Photo © Roger Kidd (cc-by-sa/2.0)

Afon Tywi i’r de o Moelprysgau a Towi-Fechan

(Click photo to see original)

Page 6

Rhys Williams


The life story of an old Elenydd shepherd

Rhys Williams came from a long line of Elenydd shepherds. His father and grandfather were both named Rhys and it is known that the family had been shepherding on the Elenydd mountains since the turn of the eighteenth century. There is no concrete proof, but it is very likely that the family links with Elenydd go back well beyond that point, to the time when Edward Richard of Ystrad Meurig (1714–1777) was writing his pastoral songs (bugeilgerddi) – about the shepherds on the hills above Strata Florida. [21]

Rhys Williams (senior) left Towy fechan (the family home for well over 50 years) sometime in the 1860s when he and his wife were in their sixties. They moved to Cornwall, a place which was situated near the Great Abbey farm at Strata Florida. The old man was still gainfully employed as a shepherd, probably, by Thomas Arch, the tenant farmer of the Abbey farm and an Estate Agent and Manager for the Powells of Nanteos. Ten years on and the situation was unchanged, with Rhys Williams  (senior) continuing to work as a shepherd. However, following his wife’s death sometime in the 1880s, he moved to Tycanol to be with his son, and he was there (registered as a retired shepherd) until he died beginning of the year 1891 at about 83 years of age.

Like his father, Rhys Williams made only one big move ― from Nant-yr-hwch to Tycanol. The latter became his family home and, according to hearsay, he had no real desire to go anywhere else ; he was always quietly satisfied and contented with his lot. For most of his retirement years, he lived with his son William (Billy) and his wife, still at the family home. However, his last year or so was spent at Pontrhydfendigaid with his youngest son Thomas (Tom) and his wife Sarah. He died  in 1930 at the age of 80(?) and was buried at Strata Florida with his wife Mary, who had passed away some four years earlier.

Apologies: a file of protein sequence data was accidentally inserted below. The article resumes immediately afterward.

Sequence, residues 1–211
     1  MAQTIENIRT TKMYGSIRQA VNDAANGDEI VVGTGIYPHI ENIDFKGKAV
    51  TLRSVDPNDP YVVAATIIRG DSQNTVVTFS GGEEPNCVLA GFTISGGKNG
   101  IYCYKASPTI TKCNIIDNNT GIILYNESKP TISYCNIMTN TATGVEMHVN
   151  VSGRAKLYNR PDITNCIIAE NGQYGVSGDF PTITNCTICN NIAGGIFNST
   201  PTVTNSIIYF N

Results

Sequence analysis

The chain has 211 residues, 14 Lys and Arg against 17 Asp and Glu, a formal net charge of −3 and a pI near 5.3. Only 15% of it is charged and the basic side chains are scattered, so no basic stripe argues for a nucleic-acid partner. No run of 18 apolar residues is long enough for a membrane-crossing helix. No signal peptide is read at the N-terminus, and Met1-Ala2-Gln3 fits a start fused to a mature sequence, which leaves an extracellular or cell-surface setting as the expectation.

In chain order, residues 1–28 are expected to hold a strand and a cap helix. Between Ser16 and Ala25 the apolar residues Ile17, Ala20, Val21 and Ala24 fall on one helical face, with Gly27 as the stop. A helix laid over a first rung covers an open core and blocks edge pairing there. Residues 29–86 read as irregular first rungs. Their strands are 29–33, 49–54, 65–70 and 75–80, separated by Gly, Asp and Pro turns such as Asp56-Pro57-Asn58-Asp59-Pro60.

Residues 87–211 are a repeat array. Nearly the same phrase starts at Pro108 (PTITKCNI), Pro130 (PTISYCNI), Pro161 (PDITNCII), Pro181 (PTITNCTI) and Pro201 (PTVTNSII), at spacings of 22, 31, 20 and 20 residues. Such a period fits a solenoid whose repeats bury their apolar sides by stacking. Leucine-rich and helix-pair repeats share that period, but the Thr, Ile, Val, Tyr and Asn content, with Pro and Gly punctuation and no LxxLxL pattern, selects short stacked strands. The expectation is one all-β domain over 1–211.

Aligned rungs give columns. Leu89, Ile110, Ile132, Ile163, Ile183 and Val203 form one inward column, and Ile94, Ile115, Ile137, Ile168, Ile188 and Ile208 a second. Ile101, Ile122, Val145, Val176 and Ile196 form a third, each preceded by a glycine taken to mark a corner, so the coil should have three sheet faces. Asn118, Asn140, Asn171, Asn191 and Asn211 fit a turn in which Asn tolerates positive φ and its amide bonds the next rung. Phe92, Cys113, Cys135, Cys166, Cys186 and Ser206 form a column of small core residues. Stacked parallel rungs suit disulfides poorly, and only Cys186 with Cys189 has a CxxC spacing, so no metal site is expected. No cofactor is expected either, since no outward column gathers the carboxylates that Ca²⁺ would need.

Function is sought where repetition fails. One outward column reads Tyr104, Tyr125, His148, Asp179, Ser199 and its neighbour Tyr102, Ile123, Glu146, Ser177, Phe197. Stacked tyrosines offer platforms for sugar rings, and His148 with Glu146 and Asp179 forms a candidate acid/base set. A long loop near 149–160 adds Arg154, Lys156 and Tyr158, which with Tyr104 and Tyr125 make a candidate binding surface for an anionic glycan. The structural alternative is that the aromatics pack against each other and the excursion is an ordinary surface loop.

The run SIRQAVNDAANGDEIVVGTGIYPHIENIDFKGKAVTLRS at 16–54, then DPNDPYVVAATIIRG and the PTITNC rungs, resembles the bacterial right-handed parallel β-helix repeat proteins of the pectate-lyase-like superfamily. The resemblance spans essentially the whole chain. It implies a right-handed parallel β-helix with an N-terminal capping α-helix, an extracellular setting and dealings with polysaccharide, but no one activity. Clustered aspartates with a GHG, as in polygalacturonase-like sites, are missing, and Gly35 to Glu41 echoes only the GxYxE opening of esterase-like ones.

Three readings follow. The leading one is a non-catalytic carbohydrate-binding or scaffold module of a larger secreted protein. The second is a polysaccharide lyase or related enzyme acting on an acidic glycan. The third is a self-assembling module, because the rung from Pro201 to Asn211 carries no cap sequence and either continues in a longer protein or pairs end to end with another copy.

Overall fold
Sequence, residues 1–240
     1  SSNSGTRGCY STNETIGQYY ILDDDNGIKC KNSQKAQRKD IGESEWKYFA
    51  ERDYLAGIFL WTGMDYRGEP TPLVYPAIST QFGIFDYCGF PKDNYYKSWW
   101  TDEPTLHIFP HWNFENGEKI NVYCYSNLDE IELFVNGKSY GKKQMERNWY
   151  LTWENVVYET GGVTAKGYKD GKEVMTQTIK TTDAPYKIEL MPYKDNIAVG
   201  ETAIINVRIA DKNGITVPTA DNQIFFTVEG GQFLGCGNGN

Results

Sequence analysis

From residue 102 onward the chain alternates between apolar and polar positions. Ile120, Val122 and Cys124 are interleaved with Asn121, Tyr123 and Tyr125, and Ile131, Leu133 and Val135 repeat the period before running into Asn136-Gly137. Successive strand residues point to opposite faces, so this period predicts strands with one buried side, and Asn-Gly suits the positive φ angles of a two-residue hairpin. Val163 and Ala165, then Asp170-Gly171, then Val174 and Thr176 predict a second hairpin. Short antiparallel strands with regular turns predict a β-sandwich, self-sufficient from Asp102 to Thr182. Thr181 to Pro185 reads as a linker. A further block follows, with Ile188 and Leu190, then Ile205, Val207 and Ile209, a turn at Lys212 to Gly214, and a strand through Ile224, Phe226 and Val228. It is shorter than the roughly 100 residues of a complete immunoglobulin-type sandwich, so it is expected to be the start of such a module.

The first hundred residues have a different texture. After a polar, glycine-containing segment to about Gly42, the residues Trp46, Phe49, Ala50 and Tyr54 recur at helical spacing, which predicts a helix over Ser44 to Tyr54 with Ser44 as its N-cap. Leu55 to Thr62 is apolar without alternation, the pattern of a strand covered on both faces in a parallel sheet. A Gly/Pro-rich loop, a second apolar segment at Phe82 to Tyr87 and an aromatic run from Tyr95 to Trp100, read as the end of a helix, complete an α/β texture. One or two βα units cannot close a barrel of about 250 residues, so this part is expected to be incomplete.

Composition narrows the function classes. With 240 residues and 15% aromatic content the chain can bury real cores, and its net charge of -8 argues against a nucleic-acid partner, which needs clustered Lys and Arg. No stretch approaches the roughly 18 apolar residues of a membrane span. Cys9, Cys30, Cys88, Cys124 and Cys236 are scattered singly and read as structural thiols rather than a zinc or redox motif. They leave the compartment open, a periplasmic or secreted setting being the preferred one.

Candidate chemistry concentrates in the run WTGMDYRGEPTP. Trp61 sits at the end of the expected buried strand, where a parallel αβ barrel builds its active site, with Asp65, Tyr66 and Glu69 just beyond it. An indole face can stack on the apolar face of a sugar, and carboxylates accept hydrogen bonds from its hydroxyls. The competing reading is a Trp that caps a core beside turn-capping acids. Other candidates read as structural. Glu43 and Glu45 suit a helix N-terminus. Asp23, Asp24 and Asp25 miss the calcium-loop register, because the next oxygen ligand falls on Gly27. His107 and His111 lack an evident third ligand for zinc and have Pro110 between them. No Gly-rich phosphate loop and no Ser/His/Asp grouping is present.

Rhys Williams must have known every plateau, valley and gorge on Elenydd and experienced all the varied moods of that mountain range – from the cool and gentle winds of a warm summer day to the violent and uncompromising elements of winter months. He was one of those highly skilled people who did not rise to fame but who, nevertheless, played a prominent role within his own sphere – a sparsely populated sphere, distinguished by its land use, social and economic traits and, of course, its rich cultural history. Attending school was never an option for Rhys Williams and he was not an intellect, but, his knowledge and understanding of his own environment was ‘second to none’. Judging from anecdotes passed down over the years by word of mouth, Rhys Williams possessed all the attributes expected of an Elenydd shepherd – extensive knowledge of the mountains and its stock, endurance, resourcefulness and self-reliance, strength of character and a robust constitution.

Rhys Williams’ story typifies that of a tiny, but distinctive group of people who, in the 19th century, carved out a living on one of the most isolated an inhospitable part of Wales. His story reflects what things were like on Elenydd some 100 to 150 years ago and what is written above is an attempt to record, in a small way, what is known about the life of Rhys Williams before it is all forgotten.


[21]    See ‘Yr Eos: sef gwaith prydyddawl Mr Edward Richard o Ystrad-meurig yn Sir Aberteifi’, London, 1811